Medium-chain triglycerides (MCTs), also known as fatty acids, are the primary components of lipids. Triglycerides are transported into cells and stored as body fat or burned for energy. Unlike most fats, MCTs comprise shorter-chain fatty acids, making them easier to digest and absorb than longer-chain fatty acids found in other foods.
Because MCTs can be broken down and used for energy more rapidly than other types of fatty acids, they are ideal for athletes to use as an immediate energy source.
MCTs have become very popular as a weight loss aid while promoting energy, with few side effects.
Although MCTs are technically a type of saturated fat, they’re still considered a healthy fat and can be produced into ketones for energy in place of glucose.
MCTs are found in oils such as coconut and palm oil, and their health benefits have made them popular among athletes, individuals on the Keto diet, and those looking to improve their overall health. They have several advantages as an efficient energy source and can help increase fat loss and improve metabolic health.
MCT – a healthy saturated fat?
When it comes to fats, not all sources are equal. Less healthy fats include saturated fats and trans fats. While MCT oil is a manufactured source of saturated fat — usually derived from coconut or palm oils — it differs from other sources significantly. MCTs go directly to the liver from the gut and are then burned to produce energy or turned into ketones. When the liver breaks down a lot of fat at once, it produces ketones, which the brain uses for energy instead of sugar or glucose. Therefore, despite the fact that MCT oil consists mainly of saturated fats, some people consider it to be a heart-healthy choice.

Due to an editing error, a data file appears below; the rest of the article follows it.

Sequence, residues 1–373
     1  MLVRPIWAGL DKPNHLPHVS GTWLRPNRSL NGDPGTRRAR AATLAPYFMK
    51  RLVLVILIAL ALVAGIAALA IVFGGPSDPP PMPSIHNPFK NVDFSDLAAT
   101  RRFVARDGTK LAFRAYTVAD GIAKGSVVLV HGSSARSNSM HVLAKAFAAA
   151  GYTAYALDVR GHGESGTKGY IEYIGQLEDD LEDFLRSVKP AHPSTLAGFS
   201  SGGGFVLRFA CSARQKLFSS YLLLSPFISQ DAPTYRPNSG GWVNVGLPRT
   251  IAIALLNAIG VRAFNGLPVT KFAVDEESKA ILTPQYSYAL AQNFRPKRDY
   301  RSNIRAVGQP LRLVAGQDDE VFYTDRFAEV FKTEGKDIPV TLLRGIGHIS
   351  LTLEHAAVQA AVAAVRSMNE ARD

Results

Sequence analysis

What foods contain MCT?
MCT oil is most commonly extracted from coconut oil, as more than 50% of the fat in coconut oil comes from MCTs. Similar to coconut oil, palm oil is one of the highest MCT foods. In addition to these two sources, these fats can also be found in other foods, including but not limited to:
- Desiccated coconut
- Coconut milk
- Dairy products (i.e., cheese, butter, yogurt, and milk)
- Raw coconut meat
Benefits of MCTs
There are various health benefits when it comes to MCTs.
Promotes weight loss
If you’re looking to shed a few pounds, MCTs may be a great option to include in your diet. In a study, overweight male and female participants consumed 18–24 grams of MCT or olive oil daily for 16 weeks. At the end of the period, results showed MCT consumption had a reduction in body weight, total fat mass, and intra-abdominal adipose tissue compared to olive oil.
Another study examined overweight men who were given MCT oil at breakfast and lunch three hours later. Results showed a lower rise in triglycerides and glucose, while both peptide and leptin (hormones that signal fullness) increased. In conclusion, men reduced food intake after consuming MCT oil.
May increase energy levels
There’s some evidence that MCT can increase your energy thanks to ketones. Consuming MCT helps your liver make ketones like beta-hydroxybutyrate, which provides you with an energy source for your brain that will give you a boost of energy and focus without having the crash of glucose. In addition, some research suggests consuming a pre-workout drink containing MCT approximately 30 minutes before working out can enhance your total energy output.
Reduces lactate buildup in athletes